Gather all your account on the same page, so with a quick glance it’s clear whether your finances are moving in the right direction. Websites like Mint.com make this extremely easy to do (more on that shortly).
As a property investor, net worth tracking enables you to watch how your properties are impacting your net worth. Keep revisiting those figures often to determine which properties are bringing in the most income and helping grow your net worth.
Your best buy-and-hold rental properties should do great things for your net worth. All the more reason to keep an eye on your net worth with automatic net worth calculations on a regular basis.
Net Worth Tracking Provides Accountability
Another great argument for automatically tracking your net worth? It keeps you accountable to yourself.
We all need something to get us back on track when we mess up. Automatic net worth calculations are like an accountability partner. Much like a gym buddy who reminds you to work out, net worth updates remind you to stick with your financial plans.
Watching your net worth gradually shift from negative to zero to positive is encouraging. It may help reinforce your commitment to saving a certain percentage of your income or find the motivation to increase your savings rate by even more.
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How to Track Your Net Worth Automatically
Keeping tabs on your net worth has never been easier. Thanks to budgeting and financial tools such as Mint.com or Personal Capital, anyone can look automatically at their finances from anywhere.
Mint helps you stay on top of your money, in all its many forms and investments. It enables you to keep all of your account information in one dashboard. Track of debts and when payments are due, create a detailed budget, and see the big picture of your finances. Getting organized is a great step in monitoring and increasing your net worth.
There are plenty of financial platforms that enable you to monitor your income, savings, budget, liabilities, and net worth on a virtual basis. Automate as much as you can about your finances, making it easier on yourself.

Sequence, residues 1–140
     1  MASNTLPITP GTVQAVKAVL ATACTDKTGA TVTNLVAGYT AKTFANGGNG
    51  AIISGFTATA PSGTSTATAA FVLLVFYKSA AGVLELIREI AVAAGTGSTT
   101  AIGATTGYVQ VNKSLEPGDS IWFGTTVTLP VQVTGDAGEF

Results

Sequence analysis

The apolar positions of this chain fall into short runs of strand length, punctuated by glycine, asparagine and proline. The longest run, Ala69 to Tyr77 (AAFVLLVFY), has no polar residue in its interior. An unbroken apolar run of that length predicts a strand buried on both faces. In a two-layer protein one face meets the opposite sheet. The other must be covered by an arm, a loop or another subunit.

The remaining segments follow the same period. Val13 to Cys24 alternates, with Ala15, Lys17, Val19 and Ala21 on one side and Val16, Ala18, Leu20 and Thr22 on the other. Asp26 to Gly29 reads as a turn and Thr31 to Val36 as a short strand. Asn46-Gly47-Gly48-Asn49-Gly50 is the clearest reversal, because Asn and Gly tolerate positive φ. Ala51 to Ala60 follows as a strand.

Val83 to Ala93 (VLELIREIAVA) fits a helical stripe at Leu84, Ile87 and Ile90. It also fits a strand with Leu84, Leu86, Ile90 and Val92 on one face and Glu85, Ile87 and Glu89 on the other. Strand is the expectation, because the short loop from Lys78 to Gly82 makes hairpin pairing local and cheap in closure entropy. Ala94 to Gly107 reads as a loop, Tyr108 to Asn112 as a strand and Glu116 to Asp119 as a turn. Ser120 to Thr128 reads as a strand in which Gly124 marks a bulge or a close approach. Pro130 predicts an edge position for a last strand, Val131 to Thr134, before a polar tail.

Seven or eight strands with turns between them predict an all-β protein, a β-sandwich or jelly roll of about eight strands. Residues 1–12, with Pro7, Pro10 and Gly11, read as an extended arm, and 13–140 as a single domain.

Net Worth Required to Become an Accredited Investor
An accredited investor is a person or business entity allowed to deal in securities that may not be registered with any financial authorities. They receive special status under financial regulation laws.
Where does this fit with the net worth conversation? To qualify as an accredited investor, you need a net worth of $1 million or higher, not including your primary residence, or you need an income of $300,000 or more for married couples ($200,00 for individuals). As the SEC sees it, that higher net worth means you don’t need the same level of protection as ordinary investors, so you’re allowed to invest in less regulated investments.
Becoming an accredited investor can open up opportunities to make more money, since you have a higher risk tolerance. Accredited investors can take advantage of investments like private equity funds, venture capital, and hedge funds.
Because of this, increasing your net worth can boost your income-earning potential by opening far more investing opportunities.
Other Considerations for New Landlords and Real Estate Investors
It’s likely that if you’re in the business of investing in real estate, you proactively manage your finances. Maybe your real estate investments are a means of generating passive income to help you retire early. Even if early retirement isn’t your goal, you still want to maximize your savings rate and passive income to build wealth and your net worth as quickly as possible.
Once you understand how to calculate net worth, you’ll always have a tangible measure of your financial health. It’s crucial to automate your net worth tracking, and then use those periodic updates to help you plan your next financial moves.
Net worth is an illuminating tool for you as you build your investment portfolio and real estate holdings. It informs all of your financial decisions as you scale your wealth and approach financial independence.♦
When was the last time you calculated your net worth? What tools do you use to track it? Share your thoughts and tips below!